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The NWS outlined several potential effects. Here is a summary of the major ones:


Prepare for life-threatening rainfall flooding having possible extensive impacts across northeast New Jersey, New York City, and the Lower Hudson Valley. Potential impacts include: 

  • Major rainfall flooding may prompt many evacuations and rescues. 
  • Rivers and streams may rapidly overflow their banks in multiple places. Small streams, creeks, canals, and ditches may become dangerous rivers. Flood control systems and barriers may become stressed. 
  • In hilly terrain, destructive runoff may run quickly down valleys, and increase susceptibility to rockslides and mudslides. 


Prepare for dangerous wind having possible significant impacts across Southeast New York, Northeast New Jersey, and Southern Connecticut. Potential impacts include: 

  • Some damage to roofing and siding materials, along with damage to porches, awnings, carports, and sheds. A few buildings experiencing window, door, and garage door failures. Mobile homes damaged, especially if unanchored. Unsecured lightweight objects become dangerous projectiles. 
  • Several large trees snapped or uprooted, but with greater numbers in places where trees are shallow-rooted. Several fences and roadway signs blown over. 
  • Some roads impassable from large debris, and more within urban or heavily wooded places. A few bridges, causeways, and access routes impassable.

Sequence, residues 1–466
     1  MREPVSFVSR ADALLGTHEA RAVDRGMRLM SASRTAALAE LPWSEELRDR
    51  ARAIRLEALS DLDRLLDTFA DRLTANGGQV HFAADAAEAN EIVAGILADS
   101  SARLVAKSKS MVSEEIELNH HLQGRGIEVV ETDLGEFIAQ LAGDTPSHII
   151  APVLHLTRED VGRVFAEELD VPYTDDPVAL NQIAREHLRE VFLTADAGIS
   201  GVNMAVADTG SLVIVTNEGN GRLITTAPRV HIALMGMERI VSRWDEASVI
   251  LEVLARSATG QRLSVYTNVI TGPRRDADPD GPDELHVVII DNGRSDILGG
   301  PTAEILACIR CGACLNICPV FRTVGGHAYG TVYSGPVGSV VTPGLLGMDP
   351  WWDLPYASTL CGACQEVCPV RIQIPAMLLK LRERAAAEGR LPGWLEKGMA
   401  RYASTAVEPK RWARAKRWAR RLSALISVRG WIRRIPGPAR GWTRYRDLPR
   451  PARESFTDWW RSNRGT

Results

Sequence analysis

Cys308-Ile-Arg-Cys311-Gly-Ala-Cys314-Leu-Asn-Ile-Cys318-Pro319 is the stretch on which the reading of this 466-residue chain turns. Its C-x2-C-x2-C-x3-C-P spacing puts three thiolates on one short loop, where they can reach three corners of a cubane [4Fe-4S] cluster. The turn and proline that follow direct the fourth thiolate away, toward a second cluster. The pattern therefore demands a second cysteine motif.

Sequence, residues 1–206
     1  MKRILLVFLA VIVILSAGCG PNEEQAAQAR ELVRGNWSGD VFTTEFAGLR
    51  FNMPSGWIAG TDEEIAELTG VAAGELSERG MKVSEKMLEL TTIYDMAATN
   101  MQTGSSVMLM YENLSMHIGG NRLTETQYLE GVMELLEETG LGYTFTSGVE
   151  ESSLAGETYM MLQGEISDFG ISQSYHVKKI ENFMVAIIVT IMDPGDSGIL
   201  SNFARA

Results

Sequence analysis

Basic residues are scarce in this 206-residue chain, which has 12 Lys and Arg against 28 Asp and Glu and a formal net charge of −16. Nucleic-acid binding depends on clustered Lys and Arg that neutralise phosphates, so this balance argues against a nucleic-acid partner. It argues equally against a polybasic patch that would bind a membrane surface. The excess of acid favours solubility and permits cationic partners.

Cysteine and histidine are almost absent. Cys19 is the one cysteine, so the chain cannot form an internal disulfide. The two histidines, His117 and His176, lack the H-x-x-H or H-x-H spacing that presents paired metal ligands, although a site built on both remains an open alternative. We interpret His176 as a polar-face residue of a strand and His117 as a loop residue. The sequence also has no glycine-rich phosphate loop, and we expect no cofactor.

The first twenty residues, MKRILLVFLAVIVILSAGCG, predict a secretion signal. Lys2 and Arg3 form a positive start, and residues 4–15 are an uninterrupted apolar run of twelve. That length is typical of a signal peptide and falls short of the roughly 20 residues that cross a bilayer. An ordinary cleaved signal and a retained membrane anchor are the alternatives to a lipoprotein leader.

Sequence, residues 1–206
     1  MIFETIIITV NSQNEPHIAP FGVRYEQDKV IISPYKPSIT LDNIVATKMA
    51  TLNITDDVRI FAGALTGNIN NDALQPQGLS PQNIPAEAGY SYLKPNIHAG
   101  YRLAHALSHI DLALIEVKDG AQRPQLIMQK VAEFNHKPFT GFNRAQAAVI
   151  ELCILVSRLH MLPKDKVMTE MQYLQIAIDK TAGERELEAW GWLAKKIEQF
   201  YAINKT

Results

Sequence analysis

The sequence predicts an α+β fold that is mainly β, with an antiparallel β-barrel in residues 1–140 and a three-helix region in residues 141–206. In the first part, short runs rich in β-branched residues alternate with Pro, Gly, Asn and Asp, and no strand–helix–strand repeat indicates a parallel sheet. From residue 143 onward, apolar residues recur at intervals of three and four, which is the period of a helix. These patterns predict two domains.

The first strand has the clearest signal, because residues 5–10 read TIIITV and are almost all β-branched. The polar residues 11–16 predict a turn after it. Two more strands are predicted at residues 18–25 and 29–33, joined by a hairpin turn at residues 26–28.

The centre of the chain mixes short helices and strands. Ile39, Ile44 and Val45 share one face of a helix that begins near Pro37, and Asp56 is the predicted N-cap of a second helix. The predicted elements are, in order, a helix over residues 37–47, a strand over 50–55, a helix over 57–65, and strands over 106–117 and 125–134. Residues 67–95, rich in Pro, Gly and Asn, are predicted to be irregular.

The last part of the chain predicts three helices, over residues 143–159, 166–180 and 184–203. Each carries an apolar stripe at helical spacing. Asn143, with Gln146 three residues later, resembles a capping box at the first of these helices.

• Scattered power and communications outages, but more prevalent in areas with above-ground lines. 

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Prepare for locally hazardous surge having possible limited impacts across shoreline communities. Potential impacts in this area include: 

  • Localized inundation with storm surge flooding mainly along immediate shorelines and in low lying spots, or in areas farther inland near where higher surge waters move ashore. 
  • Sections of near-shore roads and parking lots become overspread with surge water. Driving conditions dangerous in places where surge water covers the road. 
  • Moderate beach erosion. Heavy surf also breaching dunes, mainly in usually vulnerable locations. Strong and frequent rip currents. 
  • Minor to locally moderate damage to marinas, docks, boardwalks, and piers. A few small craft broken away from moorings. 


Prepare for a tornado event having possible limited impacts across Southeast New York, Northeast New Jersey, and Southern Connecticut. Potential impacts include: 

  • The occurrence of isolated tornadoes can hinder the execution of emergency plans during tropical events. 
  • A few places may experience tornado damage, along with power and communications disruptions. 
  • Locations could realize roofs peeled off buildings, chimneys toppled, mobile homes pushed off foundations or overturned, large tree tops and branches snapped off, shallow-rooted trees knocked over, moving vehicles blown off roads, and small boats pulled from moorings.